Protecting yourself during the holiday phishing season

Dec 17 2012

From credit card companies, banks, online payment gateways, loyalty programs, to your random emails from some far away country, in some way or format, you’ve likely already received spam or phishing emails that are designed or worded to draw you in, and take some action that’s going to cost you one way or another.

The holiday shopping season is full of offers and updates, and even more offers in your inbox from every single business you’ve ever interacted with. This opens up opportunities for phishing scams to be on the rise.

Amongst all the extensive offers and emails, it’s easy to overlook a seemingly harmless, but in reality, an unidentifiable phishing email that will tempt you to click, download, or give away personal information.

We recently received a reminder from our trusted partner, Sage North America that included a good summary of what Phishing attempts look like, and how to avoid getting caught. We thought we’d share some of the tips with you as well.

Where you’ll find them

Often arriving in a form of email or instant messaging, phishing will often direct you to enter details at a fake website whose look and feel is identical to the legitimate ones. Through this fake website, the attempt is to acquire information such as usernames, passwords, and credit card details by pretending to be a trustworthy entity.

Guard your information

Regardless whether or not the email’s from a trusted source, you should never submit any sensitive information that’s requested via an email.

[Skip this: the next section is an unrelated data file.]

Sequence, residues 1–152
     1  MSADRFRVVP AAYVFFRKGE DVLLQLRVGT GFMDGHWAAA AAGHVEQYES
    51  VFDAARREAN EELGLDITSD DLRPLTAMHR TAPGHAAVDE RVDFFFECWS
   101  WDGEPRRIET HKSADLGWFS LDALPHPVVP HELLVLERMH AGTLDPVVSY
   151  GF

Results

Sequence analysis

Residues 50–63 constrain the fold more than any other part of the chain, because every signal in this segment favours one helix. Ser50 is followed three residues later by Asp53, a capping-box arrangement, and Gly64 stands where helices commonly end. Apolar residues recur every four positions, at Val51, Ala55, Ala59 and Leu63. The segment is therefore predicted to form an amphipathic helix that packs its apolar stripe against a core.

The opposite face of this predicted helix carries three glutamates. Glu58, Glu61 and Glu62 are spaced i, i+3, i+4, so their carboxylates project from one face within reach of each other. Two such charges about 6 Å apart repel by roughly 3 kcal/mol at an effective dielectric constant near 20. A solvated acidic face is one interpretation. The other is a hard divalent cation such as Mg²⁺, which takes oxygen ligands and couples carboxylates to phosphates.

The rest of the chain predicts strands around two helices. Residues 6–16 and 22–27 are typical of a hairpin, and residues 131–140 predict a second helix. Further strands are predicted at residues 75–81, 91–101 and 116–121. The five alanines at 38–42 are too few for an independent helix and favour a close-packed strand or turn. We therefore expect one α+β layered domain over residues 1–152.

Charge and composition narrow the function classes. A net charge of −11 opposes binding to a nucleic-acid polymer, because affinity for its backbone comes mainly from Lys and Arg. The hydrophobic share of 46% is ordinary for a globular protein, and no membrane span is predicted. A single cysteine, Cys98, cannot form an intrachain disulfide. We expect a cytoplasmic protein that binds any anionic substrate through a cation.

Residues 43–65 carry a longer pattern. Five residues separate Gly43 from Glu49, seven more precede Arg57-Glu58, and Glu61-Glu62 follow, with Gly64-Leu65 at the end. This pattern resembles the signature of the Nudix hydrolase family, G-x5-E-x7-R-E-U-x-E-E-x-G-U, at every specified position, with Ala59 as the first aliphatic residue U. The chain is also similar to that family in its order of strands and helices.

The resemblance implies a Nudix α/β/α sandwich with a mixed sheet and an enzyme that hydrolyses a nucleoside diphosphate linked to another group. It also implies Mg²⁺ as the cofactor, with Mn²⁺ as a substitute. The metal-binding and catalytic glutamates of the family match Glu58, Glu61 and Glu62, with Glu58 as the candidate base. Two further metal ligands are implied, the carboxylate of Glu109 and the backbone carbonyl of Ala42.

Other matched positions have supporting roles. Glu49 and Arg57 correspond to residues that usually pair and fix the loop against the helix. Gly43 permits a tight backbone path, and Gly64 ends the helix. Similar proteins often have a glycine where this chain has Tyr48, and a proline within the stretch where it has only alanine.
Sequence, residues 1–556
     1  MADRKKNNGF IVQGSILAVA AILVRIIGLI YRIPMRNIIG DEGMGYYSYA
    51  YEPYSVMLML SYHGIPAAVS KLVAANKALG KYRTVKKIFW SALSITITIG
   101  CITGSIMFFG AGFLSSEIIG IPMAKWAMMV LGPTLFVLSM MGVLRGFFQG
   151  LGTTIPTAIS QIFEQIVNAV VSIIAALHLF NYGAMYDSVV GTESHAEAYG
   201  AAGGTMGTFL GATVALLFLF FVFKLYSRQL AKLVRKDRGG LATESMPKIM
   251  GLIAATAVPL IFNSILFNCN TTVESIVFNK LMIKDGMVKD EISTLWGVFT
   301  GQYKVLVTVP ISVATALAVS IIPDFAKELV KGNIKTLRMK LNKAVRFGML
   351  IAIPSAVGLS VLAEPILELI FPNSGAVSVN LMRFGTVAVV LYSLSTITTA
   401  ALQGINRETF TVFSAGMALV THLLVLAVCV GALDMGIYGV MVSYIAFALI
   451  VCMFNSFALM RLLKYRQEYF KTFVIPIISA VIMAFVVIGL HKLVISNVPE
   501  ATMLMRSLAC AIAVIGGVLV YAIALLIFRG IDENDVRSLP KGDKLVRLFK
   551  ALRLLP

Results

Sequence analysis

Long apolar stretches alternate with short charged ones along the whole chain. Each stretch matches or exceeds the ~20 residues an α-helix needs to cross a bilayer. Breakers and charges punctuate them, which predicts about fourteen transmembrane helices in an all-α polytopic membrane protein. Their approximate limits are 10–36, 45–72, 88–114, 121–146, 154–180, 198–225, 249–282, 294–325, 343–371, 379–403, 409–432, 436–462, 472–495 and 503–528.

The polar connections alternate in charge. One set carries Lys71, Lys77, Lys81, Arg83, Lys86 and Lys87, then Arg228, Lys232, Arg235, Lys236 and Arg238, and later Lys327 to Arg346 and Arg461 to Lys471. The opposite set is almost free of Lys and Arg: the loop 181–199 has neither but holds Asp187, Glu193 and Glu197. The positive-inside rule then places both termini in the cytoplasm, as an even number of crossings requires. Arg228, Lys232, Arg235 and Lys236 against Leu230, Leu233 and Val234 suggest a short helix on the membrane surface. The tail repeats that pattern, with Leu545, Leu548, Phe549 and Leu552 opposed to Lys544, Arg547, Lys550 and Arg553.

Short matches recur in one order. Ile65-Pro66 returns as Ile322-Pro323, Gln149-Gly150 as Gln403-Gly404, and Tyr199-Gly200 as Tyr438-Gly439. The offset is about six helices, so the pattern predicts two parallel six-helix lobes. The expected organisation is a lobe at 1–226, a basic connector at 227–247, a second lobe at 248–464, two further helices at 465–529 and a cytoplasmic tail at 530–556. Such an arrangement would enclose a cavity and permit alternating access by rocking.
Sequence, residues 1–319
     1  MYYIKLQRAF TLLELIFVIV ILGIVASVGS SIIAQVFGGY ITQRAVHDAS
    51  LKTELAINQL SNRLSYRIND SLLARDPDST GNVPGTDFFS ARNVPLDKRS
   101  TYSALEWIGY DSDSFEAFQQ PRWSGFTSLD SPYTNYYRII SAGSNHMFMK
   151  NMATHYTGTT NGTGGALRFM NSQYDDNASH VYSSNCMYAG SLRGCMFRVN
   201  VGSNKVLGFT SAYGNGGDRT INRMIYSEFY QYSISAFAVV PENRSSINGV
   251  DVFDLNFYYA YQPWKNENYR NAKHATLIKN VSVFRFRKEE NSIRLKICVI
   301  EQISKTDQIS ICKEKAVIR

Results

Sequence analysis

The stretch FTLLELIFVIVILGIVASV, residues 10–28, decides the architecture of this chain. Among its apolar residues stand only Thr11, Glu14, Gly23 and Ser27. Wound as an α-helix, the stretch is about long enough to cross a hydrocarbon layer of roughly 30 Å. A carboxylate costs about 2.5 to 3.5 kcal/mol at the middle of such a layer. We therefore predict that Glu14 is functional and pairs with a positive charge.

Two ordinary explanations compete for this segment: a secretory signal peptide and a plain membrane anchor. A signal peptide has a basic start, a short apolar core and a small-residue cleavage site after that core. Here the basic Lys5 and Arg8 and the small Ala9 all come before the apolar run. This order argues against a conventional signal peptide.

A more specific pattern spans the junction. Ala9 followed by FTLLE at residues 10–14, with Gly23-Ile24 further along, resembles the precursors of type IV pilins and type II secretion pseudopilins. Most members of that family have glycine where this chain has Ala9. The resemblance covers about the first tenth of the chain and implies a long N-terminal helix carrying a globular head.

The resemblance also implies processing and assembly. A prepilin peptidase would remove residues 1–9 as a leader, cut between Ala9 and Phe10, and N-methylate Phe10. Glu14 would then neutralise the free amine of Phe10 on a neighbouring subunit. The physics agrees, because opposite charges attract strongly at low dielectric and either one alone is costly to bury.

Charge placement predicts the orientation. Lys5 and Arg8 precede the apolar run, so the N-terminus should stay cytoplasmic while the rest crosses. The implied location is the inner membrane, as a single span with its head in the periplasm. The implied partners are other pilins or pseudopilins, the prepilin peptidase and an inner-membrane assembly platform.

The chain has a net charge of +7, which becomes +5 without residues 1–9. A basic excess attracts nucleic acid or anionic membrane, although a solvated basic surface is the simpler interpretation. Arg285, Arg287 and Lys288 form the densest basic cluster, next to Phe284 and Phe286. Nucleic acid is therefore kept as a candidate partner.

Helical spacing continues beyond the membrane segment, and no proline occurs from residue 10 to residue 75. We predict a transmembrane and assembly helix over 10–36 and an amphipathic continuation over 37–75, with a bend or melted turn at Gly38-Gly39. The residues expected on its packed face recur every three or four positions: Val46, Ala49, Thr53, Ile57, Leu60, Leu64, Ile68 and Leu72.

Don’t download any attachments from unknown sources, or click on any links or enter sensitive information online from unknown sources.

Rather than clicking on links provided in the email, when you want to visit a website, type in the company’s URL directly into the browser address bar to securely access the site.

If you do click on a link, check the address bar to see if the url looks like it belongs to the company’s main domain name, and that it is secured (https://), or look for the “lock” icon in the url.


If you’ve received an email you suspect is a phishing email and have either opened or clicked any of the links, immediately change your password and contact the relevant business or service to report the incident.

What kind of phishing emails or scams have you received in the past that you’ve almost or completely been caught in? What are the warning signs you look out for? Did you end up needing to take any recovery actions? Do share your experience, and insights, by letting us know in the comments below.

For now, wishing you a phishing free holiday shopping season!


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